Price: 6899NTD
Score: 18/20
Available from: Finesse 0982 982 999

Joseph Phelps, Insignia, Napa Valley, 2009
Grape:
83% Cabernet Sauvignon, 13% Petit Verdot, 4% Malbec
Wine-making: 24 months in new French oak barrels
Note: Sweeter and more obviously perfumed than the 2008 and with more quintessential blue rather than black fruit character (very Napa). Full-bodied but elegant and once again the tannins provide plenty of grainy grip that helps promise a long future.
Price: 6899NTD
Score:18.5/20
Available from: Finesse 0982 982 999

Joseph Phelps, Insignia, Napa Valley, 2010
Grape:
84% Cabernet Sauvignon, 10% Petit Verdot, 4% Merlot, 2% Malbec
Wine-making: 24 months in new French oak barrels
Note: My favourite wine of the night had a fantastic perfumed nose of mint chocolate, black and blueberries and coffee. Fresh acidity complimented the again wonderfully fine tannins and this had unmatched persistence. Yes please!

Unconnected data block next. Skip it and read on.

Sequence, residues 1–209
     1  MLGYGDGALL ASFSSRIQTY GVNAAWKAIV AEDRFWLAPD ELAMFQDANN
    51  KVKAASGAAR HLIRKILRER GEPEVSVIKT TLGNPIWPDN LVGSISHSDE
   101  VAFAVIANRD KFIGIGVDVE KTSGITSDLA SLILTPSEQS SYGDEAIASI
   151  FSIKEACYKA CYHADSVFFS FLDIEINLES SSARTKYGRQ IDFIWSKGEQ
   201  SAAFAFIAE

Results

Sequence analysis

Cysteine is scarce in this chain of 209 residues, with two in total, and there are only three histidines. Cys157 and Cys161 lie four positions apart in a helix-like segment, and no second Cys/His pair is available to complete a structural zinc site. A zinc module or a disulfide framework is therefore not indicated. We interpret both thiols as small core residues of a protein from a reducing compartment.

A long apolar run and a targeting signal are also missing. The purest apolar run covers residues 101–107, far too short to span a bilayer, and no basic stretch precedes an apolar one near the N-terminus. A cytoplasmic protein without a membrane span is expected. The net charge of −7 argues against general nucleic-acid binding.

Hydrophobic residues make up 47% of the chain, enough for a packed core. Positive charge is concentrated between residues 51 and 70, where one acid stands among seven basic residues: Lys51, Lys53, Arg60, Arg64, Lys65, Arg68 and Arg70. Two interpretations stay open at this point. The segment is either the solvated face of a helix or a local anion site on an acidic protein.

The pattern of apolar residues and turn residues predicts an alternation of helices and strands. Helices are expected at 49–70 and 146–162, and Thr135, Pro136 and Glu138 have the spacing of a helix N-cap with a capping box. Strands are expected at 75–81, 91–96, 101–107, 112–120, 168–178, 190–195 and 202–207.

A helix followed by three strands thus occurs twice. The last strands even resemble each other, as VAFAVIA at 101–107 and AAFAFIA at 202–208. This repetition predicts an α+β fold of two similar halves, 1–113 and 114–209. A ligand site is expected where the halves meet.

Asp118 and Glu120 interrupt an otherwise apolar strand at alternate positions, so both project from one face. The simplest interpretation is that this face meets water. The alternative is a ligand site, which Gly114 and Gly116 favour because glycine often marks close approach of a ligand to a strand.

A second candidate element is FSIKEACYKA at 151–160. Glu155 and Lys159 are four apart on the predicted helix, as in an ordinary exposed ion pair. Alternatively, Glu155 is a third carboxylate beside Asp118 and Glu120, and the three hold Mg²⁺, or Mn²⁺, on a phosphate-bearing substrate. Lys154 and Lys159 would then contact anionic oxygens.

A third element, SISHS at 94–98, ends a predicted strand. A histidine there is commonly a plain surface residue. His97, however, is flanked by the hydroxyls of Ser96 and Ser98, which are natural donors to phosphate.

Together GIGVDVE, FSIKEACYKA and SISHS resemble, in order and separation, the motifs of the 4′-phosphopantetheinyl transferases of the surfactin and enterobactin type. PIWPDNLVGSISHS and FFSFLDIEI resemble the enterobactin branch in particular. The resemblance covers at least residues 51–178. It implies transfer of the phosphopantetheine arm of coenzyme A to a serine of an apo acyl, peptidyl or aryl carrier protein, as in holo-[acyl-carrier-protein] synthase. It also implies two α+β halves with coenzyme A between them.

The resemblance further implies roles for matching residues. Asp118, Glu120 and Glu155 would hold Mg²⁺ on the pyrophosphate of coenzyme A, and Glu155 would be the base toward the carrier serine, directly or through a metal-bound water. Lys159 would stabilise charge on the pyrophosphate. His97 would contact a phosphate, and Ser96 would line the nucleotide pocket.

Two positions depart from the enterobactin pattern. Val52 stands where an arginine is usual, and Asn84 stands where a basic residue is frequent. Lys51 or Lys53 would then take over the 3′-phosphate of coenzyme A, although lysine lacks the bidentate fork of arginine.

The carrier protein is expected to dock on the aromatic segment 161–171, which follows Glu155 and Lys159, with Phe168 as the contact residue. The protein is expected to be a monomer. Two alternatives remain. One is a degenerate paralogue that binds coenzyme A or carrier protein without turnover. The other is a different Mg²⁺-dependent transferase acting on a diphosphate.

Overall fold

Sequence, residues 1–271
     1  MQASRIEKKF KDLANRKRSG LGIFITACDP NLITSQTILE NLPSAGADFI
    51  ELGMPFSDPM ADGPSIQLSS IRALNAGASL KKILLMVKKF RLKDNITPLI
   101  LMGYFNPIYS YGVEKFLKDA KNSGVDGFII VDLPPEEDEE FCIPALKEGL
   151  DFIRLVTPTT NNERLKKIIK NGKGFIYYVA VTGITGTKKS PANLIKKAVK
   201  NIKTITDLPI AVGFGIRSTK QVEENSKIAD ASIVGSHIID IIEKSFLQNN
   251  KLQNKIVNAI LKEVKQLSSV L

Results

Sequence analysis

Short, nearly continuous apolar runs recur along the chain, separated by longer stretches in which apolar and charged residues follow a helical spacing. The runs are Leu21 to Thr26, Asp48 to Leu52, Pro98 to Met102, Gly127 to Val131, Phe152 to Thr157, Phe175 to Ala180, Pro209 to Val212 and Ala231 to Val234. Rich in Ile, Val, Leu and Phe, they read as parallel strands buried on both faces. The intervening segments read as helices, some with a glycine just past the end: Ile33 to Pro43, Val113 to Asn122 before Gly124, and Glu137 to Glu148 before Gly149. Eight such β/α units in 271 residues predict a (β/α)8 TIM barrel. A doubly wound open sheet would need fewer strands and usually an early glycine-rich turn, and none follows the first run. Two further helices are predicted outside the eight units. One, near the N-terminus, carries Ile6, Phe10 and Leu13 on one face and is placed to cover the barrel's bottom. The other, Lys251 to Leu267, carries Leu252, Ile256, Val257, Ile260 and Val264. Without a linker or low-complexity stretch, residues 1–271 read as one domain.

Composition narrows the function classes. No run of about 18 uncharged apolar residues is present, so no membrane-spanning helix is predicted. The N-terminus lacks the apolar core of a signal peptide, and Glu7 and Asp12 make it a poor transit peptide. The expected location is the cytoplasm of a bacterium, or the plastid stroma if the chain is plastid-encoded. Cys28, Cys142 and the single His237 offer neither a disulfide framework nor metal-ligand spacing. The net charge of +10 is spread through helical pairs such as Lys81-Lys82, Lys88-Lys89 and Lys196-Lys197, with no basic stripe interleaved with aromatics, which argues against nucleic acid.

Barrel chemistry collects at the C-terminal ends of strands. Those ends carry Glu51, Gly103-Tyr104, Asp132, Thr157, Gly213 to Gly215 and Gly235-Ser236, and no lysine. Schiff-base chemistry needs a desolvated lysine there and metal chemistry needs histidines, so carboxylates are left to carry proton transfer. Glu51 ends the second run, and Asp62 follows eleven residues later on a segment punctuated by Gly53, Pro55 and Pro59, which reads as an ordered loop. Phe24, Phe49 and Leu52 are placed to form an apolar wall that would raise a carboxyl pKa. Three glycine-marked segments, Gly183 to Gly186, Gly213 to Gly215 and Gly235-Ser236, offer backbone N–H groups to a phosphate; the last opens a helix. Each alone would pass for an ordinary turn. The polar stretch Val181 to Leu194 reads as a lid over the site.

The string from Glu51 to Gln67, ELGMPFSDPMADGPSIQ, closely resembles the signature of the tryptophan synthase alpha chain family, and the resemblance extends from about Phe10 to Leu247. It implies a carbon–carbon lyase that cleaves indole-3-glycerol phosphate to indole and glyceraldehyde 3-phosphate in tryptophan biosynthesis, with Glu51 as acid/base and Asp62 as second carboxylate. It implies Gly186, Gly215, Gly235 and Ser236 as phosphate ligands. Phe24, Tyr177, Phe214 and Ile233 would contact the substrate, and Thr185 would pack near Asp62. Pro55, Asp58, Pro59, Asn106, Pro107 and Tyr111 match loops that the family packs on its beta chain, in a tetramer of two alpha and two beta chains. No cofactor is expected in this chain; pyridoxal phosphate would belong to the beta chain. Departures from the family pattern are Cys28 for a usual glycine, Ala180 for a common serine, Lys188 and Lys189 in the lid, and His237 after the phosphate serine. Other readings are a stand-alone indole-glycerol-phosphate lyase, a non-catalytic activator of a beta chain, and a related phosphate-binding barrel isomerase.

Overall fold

Price: 6199NTD
Score: 19/20
Available from: Finesse 0982 982 999

Joseph Phelps, Insignia, Napa Valley, 2011
Grape:
82% Cabernet Sauvignon, 11% Petit Verdot, 4% Malbec, 2% Merlot, 1% Cabernet Franc
Wine-making: 24 months in new French oak barrels
Note: More herbal tinged than the others here with an alluring sage-like quality sitting alongside, liquorice, coffee and cola. On smell alone this reminded me of expensive left bank Bordeaux…so no complaints from me. Less dense and opulent but elegant and with enough fine grained tannins to make this my choice from these four for drinking over the medium term.
Price: 6199NTD
Score: 18/20
Available from: Finesse 0982 982 999